New name, new horizons
Tairawhiti-based Hikurangi Cannabis Company has announced its board of directors, a global export strategy and a name change as it positions itself to become a world leader in medicinal cannabis production.
Ahead of New Zealand’s Medicinal Cannabis Scheme becoming operational early next year, the company has appointed experienced independent chairman, Trevor Burt, to lead its board.
Burt has extensive corporate executive and governance experience having served in global executive roles and on the boards of agricultural companies PGG Wrightson, Landpower, Silver Fern Farms and Market Gardeners NZ, and as chairman of Lyttleton Port and Ngai Tahu Holdings.
Burt is joined by independent director Anna Stove, former general manager of GlaxoSmithKline NZ, who brings 25 years of global experience within the pharmaceutical sector across Asia, Europe and New Zealand.
Burt and Stove are the latest appointments to the board, which also includes three directors — Hikurangi co-founder Panapa Ehau, Brett Gamble, who has a background in corporate finance and private equity globally working in the US, UK, Australia and New Zealand, and Martin Smith, who brings 25 years experience in consumer goods and global marketing as former chief executive for L’Oreal NZ and previously as a regional director for L’Oreal across Asia Pacific, Western Europe, Africa, India and the Middle East.
“We’ve got an outstanding board with the range of skills and expertise we need to build a diversified business along the value chain,” company chief executive Manu Caddie said.
“Over the last 12 months the business has been focused on laying the solid foundations to build a resilient, sustainable, fully integrated business with multiple, diverse revenue streams within the medicinal cannabis sector.
“We are linking to a high-performing investment and innovation ecosystem from genetics and cultivation technology, to research, manufacturing, product development, pharmaceuticals and marketing.
“Within this sunrise industry, the context in which the business is operating is constantly evolving. Over the last year, the board and management have made significant progress to ensure that the business is match-fit at the starting line in 2020.
“You have to ignore the hype and get on with the hard mahi required to be in pole position when we get the green light from the regulators.
“We are working towards understanding the full potential of cannabinoids to enhance and restore health, naturally, safely and effectively.”
The work undertaken by the board and management team this year would be critical to position the company at the cutting edge of the medicinal cannabis industry worldwide, with investments in research and development to discover and unlock the true potential of the plant.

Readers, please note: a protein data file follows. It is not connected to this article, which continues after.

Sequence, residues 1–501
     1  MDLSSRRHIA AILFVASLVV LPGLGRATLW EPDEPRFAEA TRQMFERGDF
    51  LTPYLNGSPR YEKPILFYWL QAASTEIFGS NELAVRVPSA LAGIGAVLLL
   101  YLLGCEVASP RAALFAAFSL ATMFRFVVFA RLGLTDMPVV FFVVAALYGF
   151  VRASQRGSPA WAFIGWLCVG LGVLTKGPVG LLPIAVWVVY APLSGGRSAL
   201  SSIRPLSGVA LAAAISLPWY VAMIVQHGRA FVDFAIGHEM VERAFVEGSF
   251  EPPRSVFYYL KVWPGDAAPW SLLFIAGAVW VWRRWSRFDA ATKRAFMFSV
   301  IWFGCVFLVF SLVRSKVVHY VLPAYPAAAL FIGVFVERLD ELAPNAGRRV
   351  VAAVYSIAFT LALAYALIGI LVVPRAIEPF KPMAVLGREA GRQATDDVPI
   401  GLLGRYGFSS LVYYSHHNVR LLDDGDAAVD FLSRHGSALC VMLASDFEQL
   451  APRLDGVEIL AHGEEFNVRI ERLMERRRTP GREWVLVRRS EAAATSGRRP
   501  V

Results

The company was also investing in long-term relationships with leading plant research organisations and medical researchers in New Zealand and internationally.
Chairman Trevor Burt said he was excited by the company and its purpose.
“The foundations of this company are something special and mean so much to the local community in the East Coast.
“Success can have such an impact on the local community, and I see an important part of my role as providing a bridge between successful commercial outcomes and community outcomes.
“I have joined a board with the broad skills to steer this company to reach its full commercial potential — the type of skills we are seeing the world’s leading medicinal cannabis companies are appointing to their boards.
“But, just as importantly, people attracted to this company aren’t just focused on financial success. They are acutely aware of social impacts back at the flax roots. This is an exciting industry going through an exciting time and it’s great to be involved.”
The business had a clear strategy to become a world leader in research and development of plant genetics and medicines derived from the cannabis plant, he said.
“The company’s opportunity once the new regulations come in early next year is to grow, manufacture and export GMP certified pharmaceutical products.”
With the global medicinal cannabis market estimated to be worth over $100 billion by 2026, the company’s competition would be international, not local, industry players.
“New Zealand has an excellent heritage in horticultural intellectual property, where we have taken a global leadership position in plant genetics and research to create unique high-value products. This company is looking to replicate that excellence in cannabis cultivars to create innovative new health products that carry the highest pharmaceutical grade certification backed by robust clinical evidence to give confidence to prescribers and patients.”
Mr Caddie said while the company was thinking global, it remained committed to sustainable economic development in the Ruatoria and East Coast community and to create jobs within this region and beyond.
As part of the company’s development, it had changed its name to Rua Bioscience.
“Indigenous innovation and Hikurangi Enterprises’ kaupapa to use the power of the plant to heal the people and the land, will continue to underpin the company’s mission and values and ensure we remain unique in New Zealand and around the world.
“It will continue to drive new opportunities for our community in Ruatoria and across the East Coast as the company grows. But the name Hikurangi needs to remain in the community.”
Hikurangi Cannabis Company grew under the umbrella of Hikurangi Enterprises to work towards creating sustainable economic development and job creation, focused on the opportunity in the sunrise medicinal cannabis industry.
“The name Hikurangi needs to remain with Hikurangi Enterprises and our whanau living in the shadow of the mountain.”
The company’s new website went live earlier this week, with the full transition to the new name to be completed by the end of October.